|Rome, AD 40–41. Claudius is living with the ex-prostitute Calpurnia in meagre circumstances. Caligula has turned the palace into a brothel where he sells the wives of high-ranking Senate members to the highest bidder during sexual orgies and forces Claudius to take money at the door. As a joke, he arranges for Claudius to marry the much younger, extremely beautiful Messalina. Totally insane, Caligula makes his horse Incitatus a senator, and takes his legions on a campaign to Germany to put down an alleged rebellion and then to the English Channel where he attempts to do battle with Neptune, bringing back seashells as booty. Returning to Rome, he attempts to execute the entire Senate for not awarding him a Triumph for his 'victory,' but his wife Caesonia and Claudius convince him not to. Cassius Chaerea, a leading Praetorian officer whom the Emperor continuously mocks, forms a plan with several others to assassinate Caligula. They strike during the games held to celebrate Augustus, luring him away from his German Guards and killing him. Cassius proceeds to murder Caligula's wife Caesonia, and their infant daughter Julia Drusilla, attempting to wipe out the Imperial family once and for all. While the suddenly-leaderless Praetorian Guard are looting the palace, they come upon Claudius, hiding behind a curtain, and proclaim him Emperor over his own protestations.|
|10||"Fool's Luck"||22 November 1976|
|Rome, AD 41–43.The leaders of the Praetorian Guard and Herod convince Claudius that he should take up the Imperial crown, since the alternative would mean the death of his family. Claudius in turn convinces the Senate to proclaim him Emperor. In his first act, he condemns Cassius for the murder of Caesonia, but pardons the other conspirators. Livia is finally deified and made a goddess. After successfully bearing Claudius children, Messalina convinces him to share the burdens of power with her. As Herod will soon be leaving to take control of the lands in the East that Claudius has granted him, Messalina suggests that Appius Silanus, a Senator, be brought in to assist her husband. Later her mother Domitia and Silanus marry. Before Herod leaves he warns Claudius that, as Emperor, Claudius must trust no one, not his advisors, not his wife, not even Herod himself. Messalina attempts to seduce Silanus and tells him that Claudius approves, being just as corrupt as the Emperors who preceded him. Silanus then attempts to kill Claudius in the hopes of ending the line of depraved rulers. Messalina, with her mother's help, convinces Claudius of her own innocence and Silanus is put to death.|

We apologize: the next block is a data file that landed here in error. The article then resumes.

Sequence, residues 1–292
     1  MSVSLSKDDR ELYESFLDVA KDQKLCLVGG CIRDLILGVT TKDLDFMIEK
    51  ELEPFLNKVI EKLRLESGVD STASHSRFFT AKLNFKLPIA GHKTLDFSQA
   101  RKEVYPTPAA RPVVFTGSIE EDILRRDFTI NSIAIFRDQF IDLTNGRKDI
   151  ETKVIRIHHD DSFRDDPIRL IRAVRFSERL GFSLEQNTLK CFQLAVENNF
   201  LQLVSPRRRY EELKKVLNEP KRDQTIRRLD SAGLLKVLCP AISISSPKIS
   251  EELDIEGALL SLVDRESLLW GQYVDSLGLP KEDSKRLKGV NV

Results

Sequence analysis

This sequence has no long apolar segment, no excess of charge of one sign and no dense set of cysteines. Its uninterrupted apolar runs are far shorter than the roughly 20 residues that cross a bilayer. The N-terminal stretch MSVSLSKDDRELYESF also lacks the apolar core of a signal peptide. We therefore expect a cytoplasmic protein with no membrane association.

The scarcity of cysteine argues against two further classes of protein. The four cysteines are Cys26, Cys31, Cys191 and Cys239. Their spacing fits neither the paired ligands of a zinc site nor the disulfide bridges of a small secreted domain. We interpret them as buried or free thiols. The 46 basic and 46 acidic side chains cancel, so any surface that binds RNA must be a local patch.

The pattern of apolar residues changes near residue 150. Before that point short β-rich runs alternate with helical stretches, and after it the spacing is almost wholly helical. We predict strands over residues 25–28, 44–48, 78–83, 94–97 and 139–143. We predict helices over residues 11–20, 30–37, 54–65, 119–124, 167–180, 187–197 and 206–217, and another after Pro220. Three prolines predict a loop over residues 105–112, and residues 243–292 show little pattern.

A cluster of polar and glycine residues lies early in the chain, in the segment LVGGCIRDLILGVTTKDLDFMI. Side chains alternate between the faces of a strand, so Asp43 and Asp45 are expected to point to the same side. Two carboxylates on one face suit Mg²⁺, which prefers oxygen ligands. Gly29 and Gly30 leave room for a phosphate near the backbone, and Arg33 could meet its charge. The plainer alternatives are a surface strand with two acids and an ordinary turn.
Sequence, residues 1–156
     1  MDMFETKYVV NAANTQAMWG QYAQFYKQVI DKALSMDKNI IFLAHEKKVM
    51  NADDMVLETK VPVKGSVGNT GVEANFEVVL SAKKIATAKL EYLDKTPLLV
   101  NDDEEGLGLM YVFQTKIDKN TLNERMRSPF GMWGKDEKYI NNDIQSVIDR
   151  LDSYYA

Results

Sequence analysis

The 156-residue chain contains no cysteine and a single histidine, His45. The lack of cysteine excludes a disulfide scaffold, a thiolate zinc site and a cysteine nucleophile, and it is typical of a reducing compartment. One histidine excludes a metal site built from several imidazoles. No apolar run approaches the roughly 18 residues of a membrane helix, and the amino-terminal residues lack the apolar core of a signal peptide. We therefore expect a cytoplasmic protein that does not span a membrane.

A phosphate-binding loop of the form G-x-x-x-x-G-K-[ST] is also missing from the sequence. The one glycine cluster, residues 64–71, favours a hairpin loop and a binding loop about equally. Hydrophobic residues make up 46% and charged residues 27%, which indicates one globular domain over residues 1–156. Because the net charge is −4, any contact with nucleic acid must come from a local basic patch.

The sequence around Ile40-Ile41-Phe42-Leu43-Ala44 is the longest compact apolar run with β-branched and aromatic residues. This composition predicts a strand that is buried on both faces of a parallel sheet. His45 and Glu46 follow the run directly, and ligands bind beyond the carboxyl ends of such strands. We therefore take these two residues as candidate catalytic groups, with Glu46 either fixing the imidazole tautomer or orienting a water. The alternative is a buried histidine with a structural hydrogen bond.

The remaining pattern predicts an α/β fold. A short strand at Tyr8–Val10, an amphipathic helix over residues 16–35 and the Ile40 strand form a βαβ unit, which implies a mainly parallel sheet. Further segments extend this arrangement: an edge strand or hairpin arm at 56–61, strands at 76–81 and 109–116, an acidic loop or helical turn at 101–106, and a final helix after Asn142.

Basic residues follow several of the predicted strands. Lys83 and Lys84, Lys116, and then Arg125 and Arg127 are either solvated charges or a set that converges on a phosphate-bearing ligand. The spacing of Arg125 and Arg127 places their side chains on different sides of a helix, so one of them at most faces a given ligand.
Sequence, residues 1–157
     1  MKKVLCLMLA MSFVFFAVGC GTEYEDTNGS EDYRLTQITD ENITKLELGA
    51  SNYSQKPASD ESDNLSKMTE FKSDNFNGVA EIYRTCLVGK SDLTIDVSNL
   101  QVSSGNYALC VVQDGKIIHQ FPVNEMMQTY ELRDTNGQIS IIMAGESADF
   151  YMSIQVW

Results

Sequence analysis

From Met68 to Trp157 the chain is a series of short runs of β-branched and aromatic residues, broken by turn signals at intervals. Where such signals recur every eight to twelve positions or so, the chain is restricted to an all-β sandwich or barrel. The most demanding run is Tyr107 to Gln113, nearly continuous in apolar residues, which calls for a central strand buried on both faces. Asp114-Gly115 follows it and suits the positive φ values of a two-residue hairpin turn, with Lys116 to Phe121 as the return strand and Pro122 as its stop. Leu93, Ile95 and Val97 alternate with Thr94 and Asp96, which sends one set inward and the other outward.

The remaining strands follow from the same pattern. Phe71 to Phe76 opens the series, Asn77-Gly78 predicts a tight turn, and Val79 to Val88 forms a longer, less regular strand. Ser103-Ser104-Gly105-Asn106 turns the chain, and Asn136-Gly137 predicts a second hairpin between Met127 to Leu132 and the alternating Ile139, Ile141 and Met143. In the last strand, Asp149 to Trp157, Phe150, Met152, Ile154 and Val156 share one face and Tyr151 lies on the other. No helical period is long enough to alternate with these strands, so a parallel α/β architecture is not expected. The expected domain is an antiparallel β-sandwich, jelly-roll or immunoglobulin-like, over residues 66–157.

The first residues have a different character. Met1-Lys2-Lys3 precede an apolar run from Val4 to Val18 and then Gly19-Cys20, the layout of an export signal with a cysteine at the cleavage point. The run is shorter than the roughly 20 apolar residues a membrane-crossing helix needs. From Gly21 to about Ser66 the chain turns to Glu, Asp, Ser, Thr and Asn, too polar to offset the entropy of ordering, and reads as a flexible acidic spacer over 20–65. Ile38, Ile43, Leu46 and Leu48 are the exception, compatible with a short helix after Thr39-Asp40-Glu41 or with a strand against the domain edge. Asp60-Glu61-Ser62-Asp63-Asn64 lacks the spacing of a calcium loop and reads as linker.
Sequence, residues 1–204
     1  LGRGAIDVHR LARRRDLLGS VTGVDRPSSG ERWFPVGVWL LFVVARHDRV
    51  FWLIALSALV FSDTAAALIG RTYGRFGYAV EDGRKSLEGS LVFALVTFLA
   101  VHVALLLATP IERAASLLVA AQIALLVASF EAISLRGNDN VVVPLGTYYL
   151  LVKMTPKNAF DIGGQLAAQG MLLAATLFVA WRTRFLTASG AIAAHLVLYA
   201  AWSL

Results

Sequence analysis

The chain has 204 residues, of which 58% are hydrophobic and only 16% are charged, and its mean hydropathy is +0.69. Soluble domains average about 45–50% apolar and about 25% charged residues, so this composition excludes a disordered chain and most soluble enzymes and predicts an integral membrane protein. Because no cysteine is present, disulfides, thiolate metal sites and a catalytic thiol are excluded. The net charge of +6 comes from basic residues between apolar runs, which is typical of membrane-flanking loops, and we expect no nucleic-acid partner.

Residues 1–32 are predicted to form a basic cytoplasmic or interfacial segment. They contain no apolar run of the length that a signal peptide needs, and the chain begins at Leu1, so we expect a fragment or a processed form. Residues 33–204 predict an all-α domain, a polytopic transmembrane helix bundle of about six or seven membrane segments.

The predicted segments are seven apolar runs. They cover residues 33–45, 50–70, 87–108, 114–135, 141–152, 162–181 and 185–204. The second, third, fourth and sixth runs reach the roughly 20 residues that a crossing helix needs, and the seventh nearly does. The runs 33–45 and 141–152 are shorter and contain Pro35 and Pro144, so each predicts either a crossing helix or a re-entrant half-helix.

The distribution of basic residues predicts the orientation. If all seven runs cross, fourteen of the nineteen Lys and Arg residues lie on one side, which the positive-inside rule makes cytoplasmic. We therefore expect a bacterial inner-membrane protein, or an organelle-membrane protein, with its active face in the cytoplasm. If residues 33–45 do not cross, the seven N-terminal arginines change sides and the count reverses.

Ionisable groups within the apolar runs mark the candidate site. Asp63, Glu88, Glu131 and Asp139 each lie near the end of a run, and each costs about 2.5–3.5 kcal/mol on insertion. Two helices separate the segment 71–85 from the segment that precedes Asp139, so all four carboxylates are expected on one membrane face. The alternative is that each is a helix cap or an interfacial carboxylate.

|11||"A God in Colchester"||29 November 1976|
|Rome, AD 47–48. Claudius is leading his troops in an invasion of Britain. Messalina's sexual excesses lead her to challenge the well-known prostitute Scilla to a contest to see who can take the most men in an evening; she wins easily. Claudius returns in triumph, but is devastated to learn that Herod has organized a rebellion in the eastern provinces against his rule. Herod believes that he is the Jewish Messiah, but he dies before completing his plans. Messalina takes Gaius Silius as her lover, and they divorce their respective spouses and marry, thinking that Rome will rally around them and proclaim them rulers. Forced to act, Claudius' servants Pallas and Narcissus enlist Calpurnia to tell the Emperor the truth. In the end he believes them and the conspirators are arrested and killed; a drunken Claudius even carelessly signs Messalina's execution order. As Claudius mourns the fact that all whom he cared for are gone, he learns that the Britons have dedicated a temple to him in Colchester making him a god.|
|12||"Old King Log"||6 December 1976|
|Rome, AD 54. Claudius' benevolent rule of Rome leads the populace to accepting an emperor, but he decides that Rome must come to hate its ruling family, overthrow it, and restore the Republic. To do this, he marries his niece Agrippinilla and adopts her son Nero, making him co-heir with his son Britannicus. Because of a prophecy, Claudius knows that Nero will become the next ruler of Rome, but he still tries to protect Britannicus by planning to send him to Britain so that he may take over later when Nero dies; unfortunately, Britannicus does not believe in the republic and demands that he be allowed to compete with Nero. Claudius, knowing the ultimate future, must leave his son to his fate. Ready for his end, Claudius voluntarily eats a poisoned mushroom from his wife's fork and dies. Looking for Claudius' will, Agrippinilla and Nero come upon his autobiography and burn it. Lying on his bier, Claudius and the Sibyl, knowing that Britannicus, Agripinilla and Nero will ultimately die violently, have a good laugh over the fact that he buried another copy of his book to be found later. Claudius is told that though the Republic won't be restored Nero will be last of the Claudians and the Emperors that follow mostly won't be as bad.|